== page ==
Canada markets closed
  • S&P/TSX

    21,216.15
    +3.75 (+0.02%)
     
  • S&P 500

    4,544.90
    -4.88 (-0.11%)
     
  • DOW

    35,677.02
    +73.94 (+0.21%)
     
  • CAD/USD

    0.8083
    -0.0001 (-0.0145%)
     
  • BTC-CAD

    75,444.73
    -2,349.37 (-3.02%)
     
  • CMC Crypto 200

    1,454.45
    -48.59 (-3.23%)
     
  • GOLD FUTURES

    1,793.90
    +12.00 (+0.67%)
     
  • RUSSELL 2000

    2,291.27
    -4.91 (-0.21%)
     
  • 10-Yr Bond

    1.6550
    -0.0210 (-1.25%)
     
  • NASDAQ

    15,090.20
    -125.50 (-0.82%)
     
  • VOLATILITY

    15.43
    +0.42 (+2.80%)
     
  • FTSE

    7,204.55
    +14.25 (+0.20%)
     
  • NIKKEI 225

    28,804.85
    +96.25 (+0.34%)
     
  • CAD/EUR

    0.6941
    -0.0011 (-0.16%)
     

Alibaba apps start offering WeChat Pay option after government orders

·1 min read
WeChat app is seen on a smartphone in this illustration taken

SHANGHAI (Reuters) - China's Alibaba Group Holding Ltd has begun offering payment services from Tencent Holdings Ltd's WeChat on a number of its apps, after the government ordered major tech firms to stop blocking each other's services and links.

Local tech blog 36Kr reported on Tuesday that users of Alibaba's food delivery app Ele.me, luxury goods app Kaola and e-book app Shuqi can now purchase goods via WeChat Pay, one of China's most popular online payment options.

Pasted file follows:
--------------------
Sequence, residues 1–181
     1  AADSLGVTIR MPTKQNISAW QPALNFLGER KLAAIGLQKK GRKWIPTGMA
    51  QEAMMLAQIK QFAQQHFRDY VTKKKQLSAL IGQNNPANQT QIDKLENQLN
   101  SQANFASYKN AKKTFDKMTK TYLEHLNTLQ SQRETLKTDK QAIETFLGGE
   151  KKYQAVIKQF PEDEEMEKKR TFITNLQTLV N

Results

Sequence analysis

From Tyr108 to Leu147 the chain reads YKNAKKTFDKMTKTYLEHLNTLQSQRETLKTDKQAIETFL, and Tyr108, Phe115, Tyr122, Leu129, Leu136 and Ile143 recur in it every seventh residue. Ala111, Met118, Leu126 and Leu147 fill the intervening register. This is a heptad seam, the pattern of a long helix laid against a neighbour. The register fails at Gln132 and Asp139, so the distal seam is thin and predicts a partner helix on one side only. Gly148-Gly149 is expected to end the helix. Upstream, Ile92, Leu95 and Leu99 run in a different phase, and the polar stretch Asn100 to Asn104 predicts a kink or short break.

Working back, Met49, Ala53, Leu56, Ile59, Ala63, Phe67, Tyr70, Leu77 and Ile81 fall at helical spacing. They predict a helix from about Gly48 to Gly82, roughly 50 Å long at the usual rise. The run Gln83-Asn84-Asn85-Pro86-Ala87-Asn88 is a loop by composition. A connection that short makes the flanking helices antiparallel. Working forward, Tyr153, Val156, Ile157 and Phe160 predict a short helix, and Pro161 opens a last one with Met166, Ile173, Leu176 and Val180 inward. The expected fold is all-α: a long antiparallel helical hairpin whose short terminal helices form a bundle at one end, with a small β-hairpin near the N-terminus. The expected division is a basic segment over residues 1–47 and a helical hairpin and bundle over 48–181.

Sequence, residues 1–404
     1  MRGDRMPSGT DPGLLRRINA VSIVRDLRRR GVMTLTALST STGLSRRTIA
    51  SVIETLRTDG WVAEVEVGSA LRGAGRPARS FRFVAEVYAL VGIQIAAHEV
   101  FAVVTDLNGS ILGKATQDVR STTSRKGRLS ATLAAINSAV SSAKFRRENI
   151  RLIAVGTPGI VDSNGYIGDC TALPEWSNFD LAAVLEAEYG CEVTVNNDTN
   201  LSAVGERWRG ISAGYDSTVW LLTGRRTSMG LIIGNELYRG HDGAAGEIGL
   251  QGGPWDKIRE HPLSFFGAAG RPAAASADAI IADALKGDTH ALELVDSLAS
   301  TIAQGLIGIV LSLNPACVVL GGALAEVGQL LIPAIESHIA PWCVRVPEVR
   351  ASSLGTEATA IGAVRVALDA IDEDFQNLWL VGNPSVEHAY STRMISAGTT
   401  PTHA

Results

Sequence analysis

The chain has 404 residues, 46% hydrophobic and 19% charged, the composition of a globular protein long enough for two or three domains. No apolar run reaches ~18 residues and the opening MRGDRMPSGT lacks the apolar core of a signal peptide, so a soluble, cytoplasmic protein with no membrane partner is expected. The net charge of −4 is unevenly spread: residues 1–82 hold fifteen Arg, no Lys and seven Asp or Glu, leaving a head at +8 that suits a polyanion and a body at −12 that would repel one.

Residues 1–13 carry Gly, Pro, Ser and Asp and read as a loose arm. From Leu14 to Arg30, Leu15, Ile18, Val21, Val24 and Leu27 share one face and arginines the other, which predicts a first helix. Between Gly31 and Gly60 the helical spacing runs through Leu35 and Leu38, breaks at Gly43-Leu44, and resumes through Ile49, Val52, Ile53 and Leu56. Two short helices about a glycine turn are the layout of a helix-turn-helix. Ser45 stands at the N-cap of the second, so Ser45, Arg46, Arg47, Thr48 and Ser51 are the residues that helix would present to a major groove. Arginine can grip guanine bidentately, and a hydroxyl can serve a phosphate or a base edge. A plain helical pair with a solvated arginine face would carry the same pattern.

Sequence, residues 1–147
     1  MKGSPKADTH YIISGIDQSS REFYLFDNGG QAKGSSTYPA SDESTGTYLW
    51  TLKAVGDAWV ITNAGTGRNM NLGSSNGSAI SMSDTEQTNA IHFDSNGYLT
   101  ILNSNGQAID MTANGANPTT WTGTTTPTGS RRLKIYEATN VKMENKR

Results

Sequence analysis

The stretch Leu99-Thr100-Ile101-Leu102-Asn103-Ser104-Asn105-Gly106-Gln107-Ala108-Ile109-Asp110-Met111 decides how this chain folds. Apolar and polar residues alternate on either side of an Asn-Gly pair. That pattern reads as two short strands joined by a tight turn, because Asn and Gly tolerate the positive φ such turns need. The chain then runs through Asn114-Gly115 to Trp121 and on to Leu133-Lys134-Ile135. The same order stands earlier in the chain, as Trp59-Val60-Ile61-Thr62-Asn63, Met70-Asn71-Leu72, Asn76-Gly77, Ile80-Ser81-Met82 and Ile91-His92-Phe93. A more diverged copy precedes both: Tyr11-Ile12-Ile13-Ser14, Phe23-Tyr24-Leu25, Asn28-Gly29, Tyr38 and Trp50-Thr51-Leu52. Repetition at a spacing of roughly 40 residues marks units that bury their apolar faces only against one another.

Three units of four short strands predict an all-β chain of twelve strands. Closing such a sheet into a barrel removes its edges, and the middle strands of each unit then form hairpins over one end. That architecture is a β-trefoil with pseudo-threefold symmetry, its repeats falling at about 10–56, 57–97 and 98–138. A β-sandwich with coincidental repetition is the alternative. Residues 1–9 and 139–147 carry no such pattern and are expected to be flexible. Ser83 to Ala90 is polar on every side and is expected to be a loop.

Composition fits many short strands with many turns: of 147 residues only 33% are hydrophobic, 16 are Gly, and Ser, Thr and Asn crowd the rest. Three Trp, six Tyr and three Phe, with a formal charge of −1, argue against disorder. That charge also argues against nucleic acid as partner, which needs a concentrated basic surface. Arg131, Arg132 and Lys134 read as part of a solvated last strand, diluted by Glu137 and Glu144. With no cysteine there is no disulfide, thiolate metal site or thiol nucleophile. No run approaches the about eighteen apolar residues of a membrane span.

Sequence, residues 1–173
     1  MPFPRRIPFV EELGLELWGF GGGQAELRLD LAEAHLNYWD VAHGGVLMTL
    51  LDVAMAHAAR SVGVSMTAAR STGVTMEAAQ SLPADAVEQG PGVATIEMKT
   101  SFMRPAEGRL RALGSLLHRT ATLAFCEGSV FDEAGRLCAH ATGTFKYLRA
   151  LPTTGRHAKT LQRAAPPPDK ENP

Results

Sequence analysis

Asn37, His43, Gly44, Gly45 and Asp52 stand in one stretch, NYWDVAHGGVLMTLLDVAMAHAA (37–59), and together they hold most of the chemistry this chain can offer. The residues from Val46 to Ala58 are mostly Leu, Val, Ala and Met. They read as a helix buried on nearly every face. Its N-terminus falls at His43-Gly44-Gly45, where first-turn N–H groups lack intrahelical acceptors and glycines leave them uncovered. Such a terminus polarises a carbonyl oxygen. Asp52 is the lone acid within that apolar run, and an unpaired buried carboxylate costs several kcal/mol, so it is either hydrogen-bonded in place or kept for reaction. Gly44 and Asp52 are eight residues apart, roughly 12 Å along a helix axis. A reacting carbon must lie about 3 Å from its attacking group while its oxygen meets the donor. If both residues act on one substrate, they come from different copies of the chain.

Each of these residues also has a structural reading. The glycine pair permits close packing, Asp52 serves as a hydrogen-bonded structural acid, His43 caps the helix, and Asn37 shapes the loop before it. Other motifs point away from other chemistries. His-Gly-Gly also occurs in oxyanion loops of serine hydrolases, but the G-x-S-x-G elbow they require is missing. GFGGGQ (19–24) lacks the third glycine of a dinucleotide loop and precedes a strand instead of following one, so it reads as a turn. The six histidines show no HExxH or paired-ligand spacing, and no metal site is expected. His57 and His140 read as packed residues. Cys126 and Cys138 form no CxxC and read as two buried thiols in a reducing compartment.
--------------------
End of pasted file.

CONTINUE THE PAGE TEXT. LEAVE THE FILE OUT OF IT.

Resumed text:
Alibaba's used-goods marketplace app Xianyu and supermarket app Freshippo have also applied for WeChat Pay integration, the tech blog said.

Alibaba confirmed the contents of the report to Reuters. Previously, the main way users could make payments on those apps was via Alipay, from Alibaba's financial affiliate Ant Group.

Earlier this month, the Ministry of Industry and Information Technology said it had asked internet companies to end a long-standing practice of blocking each other's links and services on their sites. Such practices prevented app users from seamlessly jumping to services between rival companies.

Days later, Tencent's WeChat messaging app started allowing users to access links to rival platforms. Previously, it had not allowed users to click on links sent via chat to, for instance, product listings from Alibaba's Taobao marketplace.

The changes come as authorities continue to tighten regulation in the internet sector.

In April, antitrust regulators fined Alibaba a record $2.75 billion for anti-competitive behaviour.

(Reporting by Josh Horwitz; Editing by Christopher Cushing)

Our goal is to create a safe and engaging place for users to connect over interests and passions. In order to improve our community experience, we are temporarily suspending article commenting